Drug combos from AZ, Boehringer show promise in CKD

Drug combos from AZ, Boehringer show promise in CKD

Combination regimens based on SGLT2 inhibitors and two drugs with different mechanisms of action have shown activity in patients with chronic kidney disease (CKD), raising the hope of more effective treatments.

At the American Society of Nephrology (ASN) Kidney Week 2023 congress, AstraZeneca and Boehringer Ingelheim both presented data from mid-stage trials of combinations that will now be taken forwards into phase 3 programmes.

AZ’s ZENITH-CKD study looked at the combination of its SGLT2 drug dapagliflozin with zibotentan, an endothelin A (ETA) receptor antagonist, on levels of albumin in the urine (albuminuria), a surrogate marker for CKD severity.

Elevated levels of albuminuria are associated with an increased risk of kidney function loss over time, so a key goal of CKD therapy is to reduce levels and slow down the progression of the disease, which affects a massive 850 million people worldwide.

Compared to dapagliflozin alone, the dual therapy achieved statistically significant reductions in urinary albumin-to-creatinine ratio (UACR) at 12 weeks, with a high-dose regimen cutting levels by 52.5% and a lower dose bringing them down by 47.7%. UACR is used to gauge the severity of albuminuria.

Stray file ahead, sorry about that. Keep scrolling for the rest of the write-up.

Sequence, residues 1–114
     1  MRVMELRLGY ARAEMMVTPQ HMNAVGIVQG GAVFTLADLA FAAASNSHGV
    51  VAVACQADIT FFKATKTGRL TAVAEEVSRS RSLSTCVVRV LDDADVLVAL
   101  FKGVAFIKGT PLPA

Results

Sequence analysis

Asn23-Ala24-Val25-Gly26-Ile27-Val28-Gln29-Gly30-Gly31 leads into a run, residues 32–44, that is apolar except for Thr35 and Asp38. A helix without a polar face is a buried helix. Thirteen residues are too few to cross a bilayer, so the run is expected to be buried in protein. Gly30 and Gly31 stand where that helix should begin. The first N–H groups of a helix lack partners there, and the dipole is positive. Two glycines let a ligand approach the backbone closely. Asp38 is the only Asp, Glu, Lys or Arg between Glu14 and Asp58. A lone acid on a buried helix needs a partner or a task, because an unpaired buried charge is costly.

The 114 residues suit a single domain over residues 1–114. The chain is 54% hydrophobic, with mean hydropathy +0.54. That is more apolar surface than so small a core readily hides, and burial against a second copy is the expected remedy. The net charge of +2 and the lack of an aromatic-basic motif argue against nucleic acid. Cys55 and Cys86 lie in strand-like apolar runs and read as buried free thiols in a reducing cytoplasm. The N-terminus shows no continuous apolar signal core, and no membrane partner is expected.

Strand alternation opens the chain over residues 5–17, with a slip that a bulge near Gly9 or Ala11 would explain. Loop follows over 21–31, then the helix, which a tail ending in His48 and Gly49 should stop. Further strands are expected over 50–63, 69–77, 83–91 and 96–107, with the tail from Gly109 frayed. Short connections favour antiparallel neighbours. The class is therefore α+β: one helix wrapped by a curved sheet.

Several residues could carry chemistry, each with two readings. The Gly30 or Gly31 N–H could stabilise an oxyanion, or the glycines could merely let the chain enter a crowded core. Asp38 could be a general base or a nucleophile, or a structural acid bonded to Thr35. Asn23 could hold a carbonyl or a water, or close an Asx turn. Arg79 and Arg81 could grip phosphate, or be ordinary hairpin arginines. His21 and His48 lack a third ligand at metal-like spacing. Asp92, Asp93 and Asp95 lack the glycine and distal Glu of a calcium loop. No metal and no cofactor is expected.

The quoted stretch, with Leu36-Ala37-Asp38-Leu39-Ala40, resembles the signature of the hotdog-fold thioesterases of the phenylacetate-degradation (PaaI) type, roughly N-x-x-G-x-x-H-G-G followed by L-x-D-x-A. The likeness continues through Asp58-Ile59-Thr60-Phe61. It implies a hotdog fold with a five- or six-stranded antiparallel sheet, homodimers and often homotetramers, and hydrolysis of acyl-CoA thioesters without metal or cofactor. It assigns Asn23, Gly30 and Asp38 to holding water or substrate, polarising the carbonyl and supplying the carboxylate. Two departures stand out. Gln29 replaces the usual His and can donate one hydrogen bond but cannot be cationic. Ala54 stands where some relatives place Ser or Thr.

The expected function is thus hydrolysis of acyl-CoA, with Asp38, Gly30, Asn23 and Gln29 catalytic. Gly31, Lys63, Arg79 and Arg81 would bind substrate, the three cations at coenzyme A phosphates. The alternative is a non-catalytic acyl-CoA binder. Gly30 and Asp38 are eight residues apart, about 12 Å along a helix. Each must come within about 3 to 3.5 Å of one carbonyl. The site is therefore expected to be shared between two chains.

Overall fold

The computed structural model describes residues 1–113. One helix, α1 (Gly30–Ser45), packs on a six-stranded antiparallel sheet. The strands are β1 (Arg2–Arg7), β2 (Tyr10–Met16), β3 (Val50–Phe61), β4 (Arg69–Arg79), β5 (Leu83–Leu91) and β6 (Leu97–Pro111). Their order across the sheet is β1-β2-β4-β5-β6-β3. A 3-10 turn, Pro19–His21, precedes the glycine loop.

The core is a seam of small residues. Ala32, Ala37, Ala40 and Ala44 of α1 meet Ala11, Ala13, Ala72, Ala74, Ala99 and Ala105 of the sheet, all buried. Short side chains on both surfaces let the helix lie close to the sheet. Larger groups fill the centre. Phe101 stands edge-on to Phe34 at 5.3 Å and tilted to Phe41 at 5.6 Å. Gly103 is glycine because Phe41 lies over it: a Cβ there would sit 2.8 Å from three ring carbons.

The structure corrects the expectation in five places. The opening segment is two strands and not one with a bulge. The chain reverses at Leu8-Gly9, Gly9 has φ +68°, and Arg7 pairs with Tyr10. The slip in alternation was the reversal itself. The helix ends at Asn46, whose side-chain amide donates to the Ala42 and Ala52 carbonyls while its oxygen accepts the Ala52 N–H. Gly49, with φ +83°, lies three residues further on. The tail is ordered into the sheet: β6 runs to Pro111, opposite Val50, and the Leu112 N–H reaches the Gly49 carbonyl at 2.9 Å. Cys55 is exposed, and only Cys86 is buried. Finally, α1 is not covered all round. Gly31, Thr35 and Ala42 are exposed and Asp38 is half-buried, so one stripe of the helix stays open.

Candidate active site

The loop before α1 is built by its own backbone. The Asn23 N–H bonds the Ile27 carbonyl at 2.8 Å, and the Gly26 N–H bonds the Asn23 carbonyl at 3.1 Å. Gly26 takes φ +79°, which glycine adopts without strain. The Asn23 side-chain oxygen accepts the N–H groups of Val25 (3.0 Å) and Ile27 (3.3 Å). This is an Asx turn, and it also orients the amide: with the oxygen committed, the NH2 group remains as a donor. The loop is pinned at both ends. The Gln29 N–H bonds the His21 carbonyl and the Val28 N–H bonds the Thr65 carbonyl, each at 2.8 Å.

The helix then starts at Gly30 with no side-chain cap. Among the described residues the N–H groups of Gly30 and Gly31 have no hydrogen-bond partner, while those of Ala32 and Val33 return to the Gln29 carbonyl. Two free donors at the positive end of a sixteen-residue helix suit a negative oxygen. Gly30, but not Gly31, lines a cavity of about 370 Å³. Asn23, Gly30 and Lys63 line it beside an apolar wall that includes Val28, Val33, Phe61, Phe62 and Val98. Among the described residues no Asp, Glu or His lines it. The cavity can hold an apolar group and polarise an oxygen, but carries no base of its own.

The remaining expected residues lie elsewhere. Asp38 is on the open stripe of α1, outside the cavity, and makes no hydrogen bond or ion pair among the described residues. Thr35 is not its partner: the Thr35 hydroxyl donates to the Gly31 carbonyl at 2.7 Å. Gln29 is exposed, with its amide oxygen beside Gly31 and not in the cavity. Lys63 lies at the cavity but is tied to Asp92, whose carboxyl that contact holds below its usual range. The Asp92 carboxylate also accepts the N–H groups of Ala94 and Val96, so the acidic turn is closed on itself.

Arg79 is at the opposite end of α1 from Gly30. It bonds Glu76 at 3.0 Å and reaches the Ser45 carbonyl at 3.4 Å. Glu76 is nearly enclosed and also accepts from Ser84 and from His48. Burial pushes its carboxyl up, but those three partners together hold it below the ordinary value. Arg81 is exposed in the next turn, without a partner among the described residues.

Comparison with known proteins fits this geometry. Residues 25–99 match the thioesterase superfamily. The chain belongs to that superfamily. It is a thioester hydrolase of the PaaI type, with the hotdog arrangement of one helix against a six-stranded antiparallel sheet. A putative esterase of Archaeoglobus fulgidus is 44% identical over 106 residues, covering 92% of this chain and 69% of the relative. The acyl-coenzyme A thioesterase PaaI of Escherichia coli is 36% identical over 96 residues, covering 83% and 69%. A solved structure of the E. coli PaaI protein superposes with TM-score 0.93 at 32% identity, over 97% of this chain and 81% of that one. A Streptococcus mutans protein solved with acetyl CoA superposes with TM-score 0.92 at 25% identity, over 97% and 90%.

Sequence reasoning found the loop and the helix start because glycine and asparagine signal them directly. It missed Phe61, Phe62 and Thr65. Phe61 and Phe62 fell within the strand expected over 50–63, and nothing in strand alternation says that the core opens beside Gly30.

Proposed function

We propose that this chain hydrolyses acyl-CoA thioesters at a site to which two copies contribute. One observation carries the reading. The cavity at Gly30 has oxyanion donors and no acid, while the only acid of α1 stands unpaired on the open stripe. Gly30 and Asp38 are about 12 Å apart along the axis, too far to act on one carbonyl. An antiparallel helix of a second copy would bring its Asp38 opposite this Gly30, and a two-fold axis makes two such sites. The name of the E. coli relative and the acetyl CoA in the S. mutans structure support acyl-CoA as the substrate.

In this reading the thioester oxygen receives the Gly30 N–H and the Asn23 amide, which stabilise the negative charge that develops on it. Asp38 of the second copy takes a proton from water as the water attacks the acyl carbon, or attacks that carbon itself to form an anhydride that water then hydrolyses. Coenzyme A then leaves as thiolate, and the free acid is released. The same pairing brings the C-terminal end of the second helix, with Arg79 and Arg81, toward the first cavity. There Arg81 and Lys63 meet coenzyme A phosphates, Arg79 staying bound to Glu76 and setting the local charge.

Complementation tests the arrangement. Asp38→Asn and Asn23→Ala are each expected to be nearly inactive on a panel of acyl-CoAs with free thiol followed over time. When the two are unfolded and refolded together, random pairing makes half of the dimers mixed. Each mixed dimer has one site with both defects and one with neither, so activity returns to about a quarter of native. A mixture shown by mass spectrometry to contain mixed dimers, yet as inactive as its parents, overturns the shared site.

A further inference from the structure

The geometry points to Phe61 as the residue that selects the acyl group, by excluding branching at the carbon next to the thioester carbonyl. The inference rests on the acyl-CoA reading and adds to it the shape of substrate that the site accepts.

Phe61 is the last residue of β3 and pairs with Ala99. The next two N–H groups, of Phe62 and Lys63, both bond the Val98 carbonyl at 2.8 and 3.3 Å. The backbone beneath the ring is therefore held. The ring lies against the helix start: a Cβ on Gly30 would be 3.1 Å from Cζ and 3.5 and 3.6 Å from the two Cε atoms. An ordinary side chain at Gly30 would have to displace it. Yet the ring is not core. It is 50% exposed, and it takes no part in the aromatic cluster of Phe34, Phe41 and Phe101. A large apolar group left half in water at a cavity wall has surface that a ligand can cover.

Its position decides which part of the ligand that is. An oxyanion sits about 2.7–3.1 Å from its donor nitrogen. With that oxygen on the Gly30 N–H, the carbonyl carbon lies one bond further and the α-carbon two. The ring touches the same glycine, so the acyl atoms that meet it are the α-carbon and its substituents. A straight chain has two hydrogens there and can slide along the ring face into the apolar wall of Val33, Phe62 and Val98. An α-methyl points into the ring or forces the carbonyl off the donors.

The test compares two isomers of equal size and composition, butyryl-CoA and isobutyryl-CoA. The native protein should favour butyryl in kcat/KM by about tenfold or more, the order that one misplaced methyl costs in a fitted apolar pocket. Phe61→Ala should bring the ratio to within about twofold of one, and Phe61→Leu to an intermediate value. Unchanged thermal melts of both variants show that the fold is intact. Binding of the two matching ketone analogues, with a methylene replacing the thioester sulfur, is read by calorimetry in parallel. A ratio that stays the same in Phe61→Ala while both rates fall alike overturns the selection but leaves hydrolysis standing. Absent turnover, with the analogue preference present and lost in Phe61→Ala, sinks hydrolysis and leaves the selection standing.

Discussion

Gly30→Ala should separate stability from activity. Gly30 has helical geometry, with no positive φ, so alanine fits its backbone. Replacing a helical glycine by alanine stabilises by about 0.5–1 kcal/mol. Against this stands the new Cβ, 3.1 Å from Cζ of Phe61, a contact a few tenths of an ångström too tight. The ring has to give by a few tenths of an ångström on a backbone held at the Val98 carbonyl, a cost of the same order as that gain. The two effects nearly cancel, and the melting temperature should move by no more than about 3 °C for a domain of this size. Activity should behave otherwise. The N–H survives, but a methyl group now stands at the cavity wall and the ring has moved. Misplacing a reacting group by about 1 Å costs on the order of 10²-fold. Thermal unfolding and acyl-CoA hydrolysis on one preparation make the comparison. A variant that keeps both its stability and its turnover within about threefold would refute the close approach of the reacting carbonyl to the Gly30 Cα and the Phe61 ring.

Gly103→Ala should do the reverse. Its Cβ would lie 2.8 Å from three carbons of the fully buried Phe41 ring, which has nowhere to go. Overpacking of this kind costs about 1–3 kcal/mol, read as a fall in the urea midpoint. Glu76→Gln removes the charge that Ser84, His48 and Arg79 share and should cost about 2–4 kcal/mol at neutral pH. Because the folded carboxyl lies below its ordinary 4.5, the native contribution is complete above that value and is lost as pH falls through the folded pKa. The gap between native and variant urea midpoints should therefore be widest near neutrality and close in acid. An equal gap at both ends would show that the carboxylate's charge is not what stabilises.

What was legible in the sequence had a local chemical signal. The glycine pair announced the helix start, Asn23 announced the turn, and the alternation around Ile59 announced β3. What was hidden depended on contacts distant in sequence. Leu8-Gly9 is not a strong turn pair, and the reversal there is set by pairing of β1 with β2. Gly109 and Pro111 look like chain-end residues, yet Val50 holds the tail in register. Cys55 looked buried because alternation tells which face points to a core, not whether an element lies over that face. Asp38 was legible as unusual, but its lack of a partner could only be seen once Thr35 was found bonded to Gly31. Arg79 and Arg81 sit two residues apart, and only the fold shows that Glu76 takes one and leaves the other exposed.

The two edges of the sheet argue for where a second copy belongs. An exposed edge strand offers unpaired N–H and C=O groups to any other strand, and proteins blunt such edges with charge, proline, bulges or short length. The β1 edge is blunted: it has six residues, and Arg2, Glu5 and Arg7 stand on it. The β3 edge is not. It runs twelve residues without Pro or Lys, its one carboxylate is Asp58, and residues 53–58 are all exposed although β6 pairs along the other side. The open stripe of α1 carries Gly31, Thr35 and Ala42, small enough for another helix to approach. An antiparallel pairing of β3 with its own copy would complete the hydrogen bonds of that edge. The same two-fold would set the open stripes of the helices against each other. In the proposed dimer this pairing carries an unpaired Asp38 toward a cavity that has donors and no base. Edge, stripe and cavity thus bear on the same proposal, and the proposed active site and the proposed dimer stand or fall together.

Earlier attempts to develop ETA antagonists for CKD have been plagued by a tendency to cause fluid retention, but AZ said that was not an issue in the low-dose group, with similar levels seen in the dapagliflozin and lower-dose combination arms of the study.

All told, 18.4% of the high-dose group experienced fluid retention, compared to 8.8% of patients on the low dose and 7.9% of controls, and AZ now thinks it has a regimen to take forwards into phase 3 that strikes a balance between efficacy and tolerability. The late-stage studies are due to start before the end of the year.

AZ already sells dapagliflozin as Farxiga/Forxiga for diabetes, CKD, and heart failure and it is one of the company’s top-selling brands, with sales of $4.4 billion last year.

Boehringer, meanwhile, presented new data from the combination of its Eli Lilly-partnered SGLT2 drug empagliflozin with experimental aldosterone synthase inhibitor BI 690517 at ASN.

14-week data from a phase 2 trial found that at the highest dose tested, BI 690517 plus empagliflozin achieved a 39.5% reduction in albuminuria compared to empagliflozin plus placebo, which the company said suggests “additive” and “clinically relevant” efficacy.

Up to 70% of patients on the combination achieved the threshold of a 30% or better reduction in UACR, which was a secondary endpoint in the study, said Boehringer.

Excessive aldosterone levels are suspected of causing organ damage and promote conditions such as high blood pressure, CKD, and heart failure. With the new data in hand, Boehringer said it now plans to start a phase 3 programme of the dual regimen, called EASi-KIDNEY, early next year.

Empagliflozin is sold as Jardiance for diabetes, heart failure, and CKD, with 2022 sales coming in at around $6.1 billion.